9. The prop thing has happened to me twice now. governor arm broken. NBD.
  10. The SLI tach works great. 500 hours in, its within 10-20 rpm of my JPI830
  11. Don’t even bother debating factual info with him. Here’s some more factual info, we opened up Mooney 201 to reseal the right inner and middle fuel tank, no floating debris, no trash no water no anything really. Also, yes, the pick up is an inch off the bottom so you have to have a gallon of water in there before you start picking up something....I regularly run my cars down to a half a gallon of gas remaining as well, and it’s the same old story that running your tank low picks up stuff off the bottom when it’s a complete fabrication. It’s not even relevant.
  12. Certain ones like the 177 and 172 had a equalizer tube between them. So 3hr on the first tank wouldn’t equal 3hr on the second... because some fuel was transferred without the pilot’s knowledge. But that a systems thing the pilot should know. It’s a good practice in general.
  13. They can be repaired from the backside, scarf it very thin and then put about 10 layers of 7781 structural fiberglass cloth on the back that with real aircraft structural epoxy like MGS or Aeropoxy. The fact that the right side upper and lower cowl don’t fit together properly behind the spinner puts a lot of stress on that in that area. So I would resolve that first.. Your regular A&P homebuilder, Corvette shop, or boat shop will likeIy use Bondo brand polyester resin with the cloth that comes underneath the lid of the kit you bought the auto parts store. I suggest using Pillsbury biscuit dough. It’s lighter, stronger, and cheaper than that.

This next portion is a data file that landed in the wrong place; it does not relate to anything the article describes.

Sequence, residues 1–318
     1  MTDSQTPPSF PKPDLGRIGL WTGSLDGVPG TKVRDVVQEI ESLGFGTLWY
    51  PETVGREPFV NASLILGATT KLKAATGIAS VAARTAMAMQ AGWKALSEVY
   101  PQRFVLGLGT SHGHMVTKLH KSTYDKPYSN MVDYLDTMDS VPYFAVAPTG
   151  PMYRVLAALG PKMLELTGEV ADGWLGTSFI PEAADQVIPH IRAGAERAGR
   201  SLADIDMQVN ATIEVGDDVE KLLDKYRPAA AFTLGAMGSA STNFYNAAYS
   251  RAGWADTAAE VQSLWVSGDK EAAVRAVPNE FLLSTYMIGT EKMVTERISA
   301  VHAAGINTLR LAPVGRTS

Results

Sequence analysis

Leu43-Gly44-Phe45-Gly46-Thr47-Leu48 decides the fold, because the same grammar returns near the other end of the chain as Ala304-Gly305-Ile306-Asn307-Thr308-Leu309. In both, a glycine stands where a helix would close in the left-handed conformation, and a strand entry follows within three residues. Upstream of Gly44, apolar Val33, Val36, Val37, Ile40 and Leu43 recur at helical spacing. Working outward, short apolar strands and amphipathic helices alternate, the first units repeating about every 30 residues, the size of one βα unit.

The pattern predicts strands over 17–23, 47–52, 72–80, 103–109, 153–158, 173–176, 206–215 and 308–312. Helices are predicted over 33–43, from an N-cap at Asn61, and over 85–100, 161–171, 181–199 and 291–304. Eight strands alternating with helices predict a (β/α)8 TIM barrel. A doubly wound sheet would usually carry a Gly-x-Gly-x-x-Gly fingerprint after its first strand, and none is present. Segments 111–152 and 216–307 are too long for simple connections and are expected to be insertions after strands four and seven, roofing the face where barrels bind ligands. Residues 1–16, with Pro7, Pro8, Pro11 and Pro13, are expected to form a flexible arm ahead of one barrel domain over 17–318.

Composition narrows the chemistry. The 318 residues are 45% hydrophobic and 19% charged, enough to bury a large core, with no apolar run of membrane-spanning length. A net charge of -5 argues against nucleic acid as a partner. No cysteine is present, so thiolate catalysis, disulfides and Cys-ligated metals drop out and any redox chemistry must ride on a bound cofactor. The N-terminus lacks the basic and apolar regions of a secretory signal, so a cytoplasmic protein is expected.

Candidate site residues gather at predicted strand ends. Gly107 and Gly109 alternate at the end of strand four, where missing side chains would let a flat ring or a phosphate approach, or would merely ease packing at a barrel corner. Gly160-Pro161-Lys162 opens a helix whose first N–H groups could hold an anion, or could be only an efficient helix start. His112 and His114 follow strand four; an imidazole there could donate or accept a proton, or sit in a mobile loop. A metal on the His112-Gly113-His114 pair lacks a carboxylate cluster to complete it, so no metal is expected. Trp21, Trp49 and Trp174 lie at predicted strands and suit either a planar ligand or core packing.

14. I also have a black max. Plug it into the breather. Loosen the dipstick. No corrosion. Its 500$ but it preserves a $36,000 engine. More for a 231. Silica gel Descant Beads work too, but they need to be recharged fairly often. Get the orange indicating oneself mix with white, not the blue, cobalt is a carcinogen. You have to have a closed loop for this, because if you are taking it outside humid air, running it through a Desiccant bead system, a quart of beads will get saturated in a couple of days. Having it run less than an hour per day, it doesn’t do enough drying out inside the engine to be of much use.. I used to have a Tanis box and it would last for two weeks to a month. You need to keep a nice closed loop supply of dry air circulating through the engine and keep it that way. Yes, it’s 500 bucks. It’s about the same price as taking a CFI out for three hours and getting real good instruction on slow flight or ILS’s and landings for example, it is something that saves you from something that could be worse. The same rationale goes for the $1200 sidewinder. Our hanger has less than 1 foot of clearance each side of the tail. So it’s like well buy a sidewinder and sneak into the hanger very carefully, or push with your head down and pay for a $8,000 elevator every few years. It’s good money for a good cause. Preventatively